Early in math instruction, students are informally introduced to areas of higher math, such as geometry, probability, and statistics. Children experience geometry in the form of basic shapes and figures, part/whole relationships, and basic patterns. Laws of probability and chance are presented through games with cards and dice. Activities involving collecting, organizing and classifying objects provide the foundation for statistics.

Background for the study of algebra begins in the early grades as well. The simple equation 4+2 =?, for example, uses the algebraic concept of an unknown (“?”) representing a quantity (in this case 6). Solving equations with fractions in middle grades represents another building block for algebra readiness.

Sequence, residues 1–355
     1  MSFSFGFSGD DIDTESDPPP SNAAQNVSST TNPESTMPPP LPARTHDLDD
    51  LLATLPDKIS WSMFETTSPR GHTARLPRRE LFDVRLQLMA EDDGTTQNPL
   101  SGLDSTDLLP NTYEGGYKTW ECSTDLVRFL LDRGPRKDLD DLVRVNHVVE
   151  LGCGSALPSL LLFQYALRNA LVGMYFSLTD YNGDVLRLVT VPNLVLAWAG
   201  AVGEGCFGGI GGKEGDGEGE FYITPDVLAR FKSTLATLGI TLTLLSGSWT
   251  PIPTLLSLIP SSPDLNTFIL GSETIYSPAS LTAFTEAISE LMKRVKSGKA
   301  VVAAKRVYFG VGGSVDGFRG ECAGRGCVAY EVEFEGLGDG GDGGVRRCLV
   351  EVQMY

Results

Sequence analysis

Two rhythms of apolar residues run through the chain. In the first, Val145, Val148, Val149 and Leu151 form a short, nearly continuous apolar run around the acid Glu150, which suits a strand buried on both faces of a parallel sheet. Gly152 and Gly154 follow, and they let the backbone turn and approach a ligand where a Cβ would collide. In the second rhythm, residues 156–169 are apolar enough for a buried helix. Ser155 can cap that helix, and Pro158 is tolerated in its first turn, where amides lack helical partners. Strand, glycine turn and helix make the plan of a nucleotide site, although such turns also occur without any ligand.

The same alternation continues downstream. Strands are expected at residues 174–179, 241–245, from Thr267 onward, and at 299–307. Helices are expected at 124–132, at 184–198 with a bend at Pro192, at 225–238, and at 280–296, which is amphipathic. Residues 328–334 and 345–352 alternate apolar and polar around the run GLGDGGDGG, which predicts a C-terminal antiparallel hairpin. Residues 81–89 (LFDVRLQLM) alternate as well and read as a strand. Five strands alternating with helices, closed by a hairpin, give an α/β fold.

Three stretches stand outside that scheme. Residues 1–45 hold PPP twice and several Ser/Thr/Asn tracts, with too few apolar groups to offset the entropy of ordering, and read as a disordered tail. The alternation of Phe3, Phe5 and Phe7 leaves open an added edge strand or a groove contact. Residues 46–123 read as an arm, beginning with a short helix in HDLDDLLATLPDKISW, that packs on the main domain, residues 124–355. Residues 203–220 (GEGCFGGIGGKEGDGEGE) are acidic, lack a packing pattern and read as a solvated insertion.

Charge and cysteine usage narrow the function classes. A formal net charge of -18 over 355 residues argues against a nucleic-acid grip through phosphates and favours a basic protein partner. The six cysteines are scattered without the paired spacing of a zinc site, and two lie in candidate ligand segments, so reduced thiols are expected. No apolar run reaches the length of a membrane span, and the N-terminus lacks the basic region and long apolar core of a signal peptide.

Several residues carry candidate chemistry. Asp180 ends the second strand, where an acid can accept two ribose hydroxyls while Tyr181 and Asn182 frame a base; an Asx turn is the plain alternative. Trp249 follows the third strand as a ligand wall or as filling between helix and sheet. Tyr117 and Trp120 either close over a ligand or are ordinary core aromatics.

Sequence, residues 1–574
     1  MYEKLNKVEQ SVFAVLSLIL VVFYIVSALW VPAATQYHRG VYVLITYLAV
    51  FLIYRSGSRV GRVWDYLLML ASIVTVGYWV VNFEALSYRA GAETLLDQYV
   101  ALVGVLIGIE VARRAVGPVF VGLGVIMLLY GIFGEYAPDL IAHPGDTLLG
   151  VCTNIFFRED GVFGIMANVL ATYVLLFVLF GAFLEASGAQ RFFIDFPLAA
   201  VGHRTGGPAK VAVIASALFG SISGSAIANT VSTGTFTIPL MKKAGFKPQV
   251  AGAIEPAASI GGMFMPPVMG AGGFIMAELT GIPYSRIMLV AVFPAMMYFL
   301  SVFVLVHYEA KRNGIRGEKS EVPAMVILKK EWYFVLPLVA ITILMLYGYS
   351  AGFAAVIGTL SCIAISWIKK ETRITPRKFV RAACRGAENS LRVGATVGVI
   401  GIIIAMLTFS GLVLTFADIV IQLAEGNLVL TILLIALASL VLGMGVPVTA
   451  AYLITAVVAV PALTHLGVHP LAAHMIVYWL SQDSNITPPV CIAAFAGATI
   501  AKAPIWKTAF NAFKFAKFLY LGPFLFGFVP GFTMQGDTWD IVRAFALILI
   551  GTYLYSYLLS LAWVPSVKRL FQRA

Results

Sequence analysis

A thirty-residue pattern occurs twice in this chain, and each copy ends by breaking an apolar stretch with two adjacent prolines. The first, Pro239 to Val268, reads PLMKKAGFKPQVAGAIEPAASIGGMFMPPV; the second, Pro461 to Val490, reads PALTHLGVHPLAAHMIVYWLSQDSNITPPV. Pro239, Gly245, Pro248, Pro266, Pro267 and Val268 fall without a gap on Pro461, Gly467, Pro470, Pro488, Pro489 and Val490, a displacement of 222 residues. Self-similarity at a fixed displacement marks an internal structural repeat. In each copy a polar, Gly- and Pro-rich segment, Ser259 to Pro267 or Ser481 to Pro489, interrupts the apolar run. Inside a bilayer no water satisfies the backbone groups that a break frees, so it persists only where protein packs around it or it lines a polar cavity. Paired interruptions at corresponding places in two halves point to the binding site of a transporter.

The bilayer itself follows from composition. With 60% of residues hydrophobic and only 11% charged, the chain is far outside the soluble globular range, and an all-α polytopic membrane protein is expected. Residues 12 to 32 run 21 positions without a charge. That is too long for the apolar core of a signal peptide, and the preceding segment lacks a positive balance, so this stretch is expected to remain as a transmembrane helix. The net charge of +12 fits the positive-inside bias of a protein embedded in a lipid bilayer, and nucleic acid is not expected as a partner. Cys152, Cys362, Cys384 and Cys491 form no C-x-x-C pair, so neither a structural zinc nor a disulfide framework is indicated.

As students move to areas of higher math, they will find that these areas are also related and interdependent. For example, core concepts in pre-calculus require background skills in advanced graphing, coordinate and space geometry, laws of probability, statistical procedures, and algebraic expressions.

The transition into the formal teaching of higher math typically occurs with the high-school core curriculum. Background material must be developed for students at each step along the way in early, middle, and even higher grades to prepare them for the more formal instruction to come.

Here are some suggestions for helping students progress in areas of higher math.